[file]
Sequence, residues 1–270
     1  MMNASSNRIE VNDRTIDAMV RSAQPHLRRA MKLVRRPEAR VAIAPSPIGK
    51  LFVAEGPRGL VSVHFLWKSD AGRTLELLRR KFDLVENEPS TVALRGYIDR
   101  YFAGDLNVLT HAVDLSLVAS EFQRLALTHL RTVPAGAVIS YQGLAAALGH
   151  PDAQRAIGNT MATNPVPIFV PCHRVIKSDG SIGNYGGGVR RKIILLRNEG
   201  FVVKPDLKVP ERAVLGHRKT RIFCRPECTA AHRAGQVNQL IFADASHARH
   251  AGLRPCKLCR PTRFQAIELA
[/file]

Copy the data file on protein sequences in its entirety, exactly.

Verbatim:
Sequence, residues 1–270
     1  MMNASSNRIE VNDRTIDAMV RSAQPHLRRA MKLVRRPEAR VAIAPSPIGK
    51  LFVAEGPRGL VSVHFLWKSD AGRTLELLRR KFDLVENEPS TVALRGYIDR
   101  YFAGDLNVLT HAVDLSLVAS EFQRLALTHL RTVPAGAVIS YQGLAAALGH
   151  PDAQRAIGNT MATNPVPIFV PCHRVIKSDG SIGNYGGGVR RKIILLRNEG
   201  FVVKPDLKVP ERAVLGHRKT RIFCRPECTA AHRAGQVNQL IFADASHARH
   251  AGLRPCKLCR PTRFQAIELA